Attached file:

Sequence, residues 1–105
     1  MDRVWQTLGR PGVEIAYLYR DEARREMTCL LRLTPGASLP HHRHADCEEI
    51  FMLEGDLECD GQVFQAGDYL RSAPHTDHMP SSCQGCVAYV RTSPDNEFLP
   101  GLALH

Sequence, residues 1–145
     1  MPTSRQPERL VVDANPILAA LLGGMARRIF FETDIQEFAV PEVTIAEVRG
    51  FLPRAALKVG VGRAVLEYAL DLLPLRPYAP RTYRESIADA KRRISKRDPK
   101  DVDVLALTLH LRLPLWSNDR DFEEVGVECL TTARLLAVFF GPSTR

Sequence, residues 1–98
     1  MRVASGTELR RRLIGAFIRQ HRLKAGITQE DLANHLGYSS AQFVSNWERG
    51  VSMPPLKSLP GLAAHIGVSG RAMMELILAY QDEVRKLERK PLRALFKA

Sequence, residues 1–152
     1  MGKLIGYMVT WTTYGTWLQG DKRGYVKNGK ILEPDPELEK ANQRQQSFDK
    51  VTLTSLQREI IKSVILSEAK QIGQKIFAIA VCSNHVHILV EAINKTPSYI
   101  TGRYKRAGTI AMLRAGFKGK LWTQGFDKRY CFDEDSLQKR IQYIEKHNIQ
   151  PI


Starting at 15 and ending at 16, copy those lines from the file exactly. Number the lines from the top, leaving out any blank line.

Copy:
   101  TGRYKRAGTI AMLRAGFKGK LWTQGFDKRY CFDEDSLQKR IQYIEKHNIQ
   151  PI